Frieze Week Descends on London ; Auctions, Exhibitions and Fringe Events Add Buzz around the Art Fair

By Reyburn, Scott | International New York Times, October 13, 2014 | Go to article overview

Frieze Week Descends on London ; Auctions, Exhibitions and Fringe Events Add Buzz around the Art Fair


Reyburn, Scott, International New York Times


With nine fairs, seven auctions, and more than 150 selling exhibitions in galleries, London's "Frieze Week," which starts Monday, is a hectic seven days in the art world.

With nine fairs, seven auctions, and more than 150 selling exhibitions in galleries, London's "Frieze Week," which starts Monday, is a hectic seven days in the art world. So many events jostle for attention, that it can be difficult for visiting collectors to decide where to spend their time, not to mention their money.

"It's almost too much for them to take on board," said Anthony McNerney, director of contemporary art at the London-based advisers Gurr Johns. "But clients feel they need to come. They'll go to Frieze to check prices and see if they can engage in something good and new."

The main focus of the week, the Frieze Art Fair itself, held, as usual, in a temporary structure in Regent's Park, opens its 12th edition to V.I.P.s on Tuesday, following Christie's evening auction in London of 44 contemporary works from the Essl Collection in Austria. The fair opens to the public on Wednesday, and runs through Saturday.

This year's cast list of 162 dealers from 25 countries has been freshened up by a new "Live" element, which will see performance- based installations (also on-trend at this year's Art Basel) scattered through the fair. Frieze's curated "Focus" section of younger galleries has expanded to 37.

Frieze has built its reputation on selling new art by younger artists -- the sector where investment-minded collectors can make spectacular returns on works bought for under 50,000 pounds, or about $80,000.

Prices tend to be higher at Frieze Masters, the fair's sister event in Regent's Park, whose third edition will also be previewing on Tuesday and runs through Sunday. Here, 127 dealers will be showing modern and historic material ranging across seven millennia.

"Contemporary art is easier. People feel more connected to it, but they are now looking at art from different ages," said the California- and Texas-based collector and heritage philanthropist Suzanne Deal Booth, who will be giving a talk about so-called "crossover" buying at Frieze Masters on Thursday.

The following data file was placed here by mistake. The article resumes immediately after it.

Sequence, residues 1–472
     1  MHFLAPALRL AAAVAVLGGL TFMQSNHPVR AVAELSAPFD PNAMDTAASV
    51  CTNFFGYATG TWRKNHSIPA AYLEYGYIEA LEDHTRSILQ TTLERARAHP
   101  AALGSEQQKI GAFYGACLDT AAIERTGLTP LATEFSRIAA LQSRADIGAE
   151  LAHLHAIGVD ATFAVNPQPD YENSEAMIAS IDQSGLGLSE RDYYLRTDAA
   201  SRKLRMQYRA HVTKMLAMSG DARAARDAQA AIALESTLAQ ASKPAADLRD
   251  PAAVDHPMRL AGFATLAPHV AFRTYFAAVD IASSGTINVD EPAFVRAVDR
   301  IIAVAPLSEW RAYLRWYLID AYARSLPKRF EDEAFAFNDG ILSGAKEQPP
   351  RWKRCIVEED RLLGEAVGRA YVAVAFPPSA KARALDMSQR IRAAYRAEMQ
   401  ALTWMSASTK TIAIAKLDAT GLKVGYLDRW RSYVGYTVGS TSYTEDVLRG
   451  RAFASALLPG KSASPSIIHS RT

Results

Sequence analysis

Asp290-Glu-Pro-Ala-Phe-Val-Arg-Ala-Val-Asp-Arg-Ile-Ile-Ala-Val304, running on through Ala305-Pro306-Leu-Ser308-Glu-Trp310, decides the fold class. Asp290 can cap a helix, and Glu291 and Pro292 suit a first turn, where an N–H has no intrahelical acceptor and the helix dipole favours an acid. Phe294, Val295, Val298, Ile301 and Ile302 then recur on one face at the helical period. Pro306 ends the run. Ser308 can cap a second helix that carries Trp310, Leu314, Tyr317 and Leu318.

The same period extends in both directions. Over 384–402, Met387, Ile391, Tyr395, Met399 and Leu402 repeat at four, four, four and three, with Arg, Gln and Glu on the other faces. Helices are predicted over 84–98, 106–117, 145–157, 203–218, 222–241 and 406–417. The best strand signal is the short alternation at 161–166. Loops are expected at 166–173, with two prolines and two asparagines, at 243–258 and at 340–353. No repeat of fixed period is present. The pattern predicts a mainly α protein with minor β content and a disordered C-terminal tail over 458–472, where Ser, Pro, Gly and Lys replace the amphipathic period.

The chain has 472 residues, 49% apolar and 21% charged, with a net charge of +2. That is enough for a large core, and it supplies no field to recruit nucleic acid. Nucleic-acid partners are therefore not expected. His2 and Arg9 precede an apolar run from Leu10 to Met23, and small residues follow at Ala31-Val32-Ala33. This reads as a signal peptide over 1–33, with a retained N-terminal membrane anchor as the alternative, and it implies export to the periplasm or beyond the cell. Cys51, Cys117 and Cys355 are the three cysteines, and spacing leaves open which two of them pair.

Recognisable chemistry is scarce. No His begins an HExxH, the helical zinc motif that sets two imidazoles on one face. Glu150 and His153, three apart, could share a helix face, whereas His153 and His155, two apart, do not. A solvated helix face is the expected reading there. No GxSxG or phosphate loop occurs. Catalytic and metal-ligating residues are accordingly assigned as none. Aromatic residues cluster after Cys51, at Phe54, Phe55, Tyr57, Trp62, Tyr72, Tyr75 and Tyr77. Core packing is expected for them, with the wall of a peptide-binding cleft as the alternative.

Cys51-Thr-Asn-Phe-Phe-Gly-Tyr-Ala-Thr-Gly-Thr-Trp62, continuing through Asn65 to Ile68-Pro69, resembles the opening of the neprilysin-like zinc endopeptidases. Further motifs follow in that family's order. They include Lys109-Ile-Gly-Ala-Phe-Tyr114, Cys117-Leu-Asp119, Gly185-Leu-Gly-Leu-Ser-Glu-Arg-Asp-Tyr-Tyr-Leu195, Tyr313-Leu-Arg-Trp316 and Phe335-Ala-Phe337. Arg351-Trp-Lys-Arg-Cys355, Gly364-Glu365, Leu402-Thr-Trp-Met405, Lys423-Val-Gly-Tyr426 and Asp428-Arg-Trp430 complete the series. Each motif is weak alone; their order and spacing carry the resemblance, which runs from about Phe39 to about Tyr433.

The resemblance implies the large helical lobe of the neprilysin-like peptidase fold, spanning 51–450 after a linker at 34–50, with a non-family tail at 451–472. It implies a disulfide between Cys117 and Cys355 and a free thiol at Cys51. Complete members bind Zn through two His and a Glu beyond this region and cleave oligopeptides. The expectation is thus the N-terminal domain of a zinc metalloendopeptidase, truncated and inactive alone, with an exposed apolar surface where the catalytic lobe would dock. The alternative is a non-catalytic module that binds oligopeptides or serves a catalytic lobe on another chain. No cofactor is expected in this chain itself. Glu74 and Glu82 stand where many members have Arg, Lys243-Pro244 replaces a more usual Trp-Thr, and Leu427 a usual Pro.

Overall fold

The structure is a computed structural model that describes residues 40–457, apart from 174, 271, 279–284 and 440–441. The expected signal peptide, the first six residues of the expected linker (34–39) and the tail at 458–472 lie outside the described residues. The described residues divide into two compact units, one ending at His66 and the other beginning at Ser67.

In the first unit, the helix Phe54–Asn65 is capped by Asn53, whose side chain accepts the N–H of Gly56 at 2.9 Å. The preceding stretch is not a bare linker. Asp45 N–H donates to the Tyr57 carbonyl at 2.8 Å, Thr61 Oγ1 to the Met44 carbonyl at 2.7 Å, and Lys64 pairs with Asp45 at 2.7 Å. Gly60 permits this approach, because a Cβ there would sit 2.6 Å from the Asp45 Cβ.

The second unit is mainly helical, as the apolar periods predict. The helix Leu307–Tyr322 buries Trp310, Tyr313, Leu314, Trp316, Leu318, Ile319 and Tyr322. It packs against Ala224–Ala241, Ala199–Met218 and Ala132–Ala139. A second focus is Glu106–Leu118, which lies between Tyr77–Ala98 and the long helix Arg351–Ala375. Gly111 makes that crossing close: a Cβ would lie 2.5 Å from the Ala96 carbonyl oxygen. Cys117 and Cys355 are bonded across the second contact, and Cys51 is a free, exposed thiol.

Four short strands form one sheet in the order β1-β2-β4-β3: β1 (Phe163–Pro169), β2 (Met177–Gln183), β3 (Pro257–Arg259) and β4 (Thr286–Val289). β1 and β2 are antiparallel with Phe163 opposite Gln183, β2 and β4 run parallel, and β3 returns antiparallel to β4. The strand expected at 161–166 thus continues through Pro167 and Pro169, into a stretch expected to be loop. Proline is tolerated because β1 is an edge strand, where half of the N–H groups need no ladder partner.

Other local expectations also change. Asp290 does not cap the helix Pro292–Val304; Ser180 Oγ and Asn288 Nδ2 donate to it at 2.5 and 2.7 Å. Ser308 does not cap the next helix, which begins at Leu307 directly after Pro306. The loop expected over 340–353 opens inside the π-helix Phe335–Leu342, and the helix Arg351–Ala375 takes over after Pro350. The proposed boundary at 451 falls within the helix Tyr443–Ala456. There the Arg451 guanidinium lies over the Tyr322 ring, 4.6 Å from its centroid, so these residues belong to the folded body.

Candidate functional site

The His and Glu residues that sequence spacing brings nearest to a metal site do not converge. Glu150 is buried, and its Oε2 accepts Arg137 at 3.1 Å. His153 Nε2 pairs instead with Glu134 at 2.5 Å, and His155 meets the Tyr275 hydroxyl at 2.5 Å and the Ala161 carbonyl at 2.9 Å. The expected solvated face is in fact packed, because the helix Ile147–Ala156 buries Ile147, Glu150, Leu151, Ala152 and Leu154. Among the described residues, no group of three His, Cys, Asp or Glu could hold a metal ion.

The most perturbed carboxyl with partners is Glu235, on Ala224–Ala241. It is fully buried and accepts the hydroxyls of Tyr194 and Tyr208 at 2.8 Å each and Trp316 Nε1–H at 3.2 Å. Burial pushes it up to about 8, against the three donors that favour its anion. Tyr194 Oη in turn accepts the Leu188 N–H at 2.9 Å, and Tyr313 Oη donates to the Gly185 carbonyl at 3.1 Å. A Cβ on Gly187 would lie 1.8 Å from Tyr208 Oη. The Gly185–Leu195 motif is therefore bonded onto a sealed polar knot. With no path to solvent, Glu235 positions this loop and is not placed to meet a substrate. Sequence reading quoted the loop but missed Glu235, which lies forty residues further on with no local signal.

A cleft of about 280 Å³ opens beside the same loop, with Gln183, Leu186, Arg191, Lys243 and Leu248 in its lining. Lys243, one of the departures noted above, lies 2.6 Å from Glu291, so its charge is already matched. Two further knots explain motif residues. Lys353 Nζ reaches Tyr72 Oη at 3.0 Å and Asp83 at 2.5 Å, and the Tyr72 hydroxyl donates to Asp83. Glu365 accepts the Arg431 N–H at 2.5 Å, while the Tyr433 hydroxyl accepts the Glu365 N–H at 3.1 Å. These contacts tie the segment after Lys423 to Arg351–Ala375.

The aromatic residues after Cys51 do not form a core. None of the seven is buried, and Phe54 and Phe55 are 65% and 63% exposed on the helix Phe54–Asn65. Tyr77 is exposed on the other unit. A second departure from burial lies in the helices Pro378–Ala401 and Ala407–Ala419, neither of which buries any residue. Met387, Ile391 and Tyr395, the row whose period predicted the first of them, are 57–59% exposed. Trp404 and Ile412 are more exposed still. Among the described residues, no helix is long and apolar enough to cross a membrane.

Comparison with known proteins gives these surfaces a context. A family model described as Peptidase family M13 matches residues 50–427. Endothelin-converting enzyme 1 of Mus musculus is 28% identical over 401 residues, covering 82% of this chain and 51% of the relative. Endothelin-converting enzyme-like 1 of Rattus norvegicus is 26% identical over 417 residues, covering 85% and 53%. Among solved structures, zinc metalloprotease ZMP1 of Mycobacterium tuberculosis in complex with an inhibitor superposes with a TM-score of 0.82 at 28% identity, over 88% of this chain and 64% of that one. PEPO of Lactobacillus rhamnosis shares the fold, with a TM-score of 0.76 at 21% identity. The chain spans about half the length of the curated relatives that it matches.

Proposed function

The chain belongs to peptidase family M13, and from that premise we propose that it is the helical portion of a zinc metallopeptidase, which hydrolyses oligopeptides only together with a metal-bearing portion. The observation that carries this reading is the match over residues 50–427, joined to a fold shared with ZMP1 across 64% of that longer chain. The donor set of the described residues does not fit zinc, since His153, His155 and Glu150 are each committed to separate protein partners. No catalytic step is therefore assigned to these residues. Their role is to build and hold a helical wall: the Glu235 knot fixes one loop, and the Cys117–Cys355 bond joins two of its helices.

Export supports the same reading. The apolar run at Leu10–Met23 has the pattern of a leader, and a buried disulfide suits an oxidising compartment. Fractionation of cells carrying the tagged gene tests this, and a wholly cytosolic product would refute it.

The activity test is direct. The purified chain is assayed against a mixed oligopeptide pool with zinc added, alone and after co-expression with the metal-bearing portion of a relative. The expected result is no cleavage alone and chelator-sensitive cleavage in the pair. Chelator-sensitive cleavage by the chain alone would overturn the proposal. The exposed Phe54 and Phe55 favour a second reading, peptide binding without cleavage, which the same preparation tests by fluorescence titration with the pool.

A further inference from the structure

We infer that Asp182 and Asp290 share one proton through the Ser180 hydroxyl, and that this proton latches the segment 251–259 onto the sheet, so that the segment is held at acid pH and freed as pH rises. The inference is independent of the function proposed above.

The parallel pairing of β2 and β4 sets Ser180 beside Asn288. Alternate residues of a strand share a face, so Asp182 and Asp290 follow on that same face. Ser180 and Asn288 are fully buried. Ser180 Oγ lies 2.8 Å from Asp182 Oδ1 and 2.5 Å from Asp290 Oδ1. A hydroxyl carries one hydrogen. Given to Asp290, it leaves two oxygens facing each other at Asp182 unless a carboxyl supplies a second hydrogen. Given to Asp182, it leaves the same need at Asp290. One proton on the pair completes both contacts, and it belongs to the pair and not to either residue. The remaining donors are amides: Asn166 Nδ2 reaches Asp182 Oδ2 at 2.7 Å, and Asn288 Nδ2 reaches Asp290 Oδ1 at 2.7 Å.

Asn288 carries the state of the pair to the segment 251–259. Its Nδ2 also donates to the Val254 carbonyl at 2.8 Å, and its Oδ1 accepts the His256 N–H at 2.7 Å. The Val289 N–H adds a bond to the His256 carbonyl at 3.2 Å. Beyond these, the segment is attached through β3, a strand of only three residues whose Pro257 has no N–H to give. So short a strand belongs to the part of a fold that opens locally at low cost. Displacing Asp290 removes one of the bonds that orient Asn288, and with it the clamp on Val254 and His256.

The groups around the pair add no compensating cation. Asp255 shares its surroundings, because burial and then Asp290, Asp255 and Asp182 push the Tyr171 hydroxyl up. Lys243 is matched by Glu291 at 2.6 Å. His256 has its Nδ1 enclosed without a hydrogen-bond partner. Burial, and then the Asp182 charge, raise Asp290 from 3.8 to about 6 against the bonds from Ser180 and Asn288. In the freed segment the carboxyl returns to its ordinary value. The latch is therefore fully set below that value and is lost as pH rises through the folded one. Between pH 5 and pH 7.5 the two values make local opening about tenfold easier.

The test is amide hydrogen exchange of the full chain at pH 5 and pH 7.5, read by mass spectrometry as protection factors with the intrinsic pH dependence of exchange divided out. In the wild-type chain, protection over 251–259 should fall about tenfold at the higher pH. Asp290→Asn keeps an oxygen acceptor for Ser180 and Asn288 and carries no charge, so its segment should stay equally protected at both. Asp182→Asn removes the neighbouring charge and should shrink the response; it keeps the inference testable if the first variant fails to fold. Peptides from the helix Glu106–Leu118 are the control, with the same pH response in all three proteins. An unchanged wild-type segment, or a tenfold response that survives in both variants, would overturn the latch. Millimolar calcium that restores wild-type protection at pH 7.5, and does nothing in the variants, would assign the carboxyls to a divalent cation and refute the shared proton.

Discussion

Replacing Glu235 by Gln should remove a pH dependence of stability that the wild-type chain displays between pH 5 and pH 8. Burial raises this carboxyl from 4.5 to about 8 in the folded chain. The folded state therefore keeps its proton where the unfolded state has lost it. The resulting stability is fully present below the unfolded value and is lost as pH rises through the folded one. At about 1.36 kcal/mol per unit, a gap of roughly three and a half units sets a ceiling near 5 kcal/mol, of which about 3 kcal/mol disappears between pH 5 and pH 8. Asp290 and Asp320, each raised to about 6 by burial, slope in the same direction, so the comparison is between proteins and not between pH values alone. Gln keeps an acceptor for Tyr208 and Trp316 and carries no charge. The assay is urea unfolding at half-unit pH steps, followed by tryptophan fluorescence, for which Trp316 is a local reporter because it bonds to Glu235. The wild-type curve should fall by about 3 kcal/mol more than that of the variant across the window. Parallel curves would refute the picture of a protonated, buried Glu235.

Ms. Deal Booth is one of a select number of international collectors who are as confident buying art from the 16th century as they are from the 21st. "Crossover collecting is all about being impassioned about art and relying on one's own perceptions," she said.

So far, though, black-clad Friezanistas have been tentative about buying historic works at Masters. At last year's edition, the New York-based gallerist Otto Naumann sold just one painting, priced at $150,000. This year he will be asking $48.5 million for Rembrandt's 1658 "Portrait of a Man With Arms Akimbo," which he acquired privately from the American casino magnate Stephen A. Wynn after his divorce from his wife Elaine Wynn in 2010. "I just hope Roman Abramovich will get out of the other tent and come and have a look at it," Mr. Naumann said.

Other attractions for oligarchs and their ilk at Frieze Masters will include a monographic display of some 10 Francis Bacon works at the booth of Marlborough Fine Art -- including two figure paintings from the 1980s, each marked between $25 million to $30 million -- and the 1965 Pablo Picasso painting "Homme et Femme Nue," presented by the London dealer Faggionato at about $19 million.

Once the two Friezes have been ticked off the to-do list, where next for the courtesy BMW? Buyers and browsers at the upper end of the market will head to the boutique Pavilion of Art and Design fair, or PAD, in Berkeley Square, where the Zurich-based Galerie von Vertes is offering a 1985 Gerhard Richter abstract at Pounds 2. …

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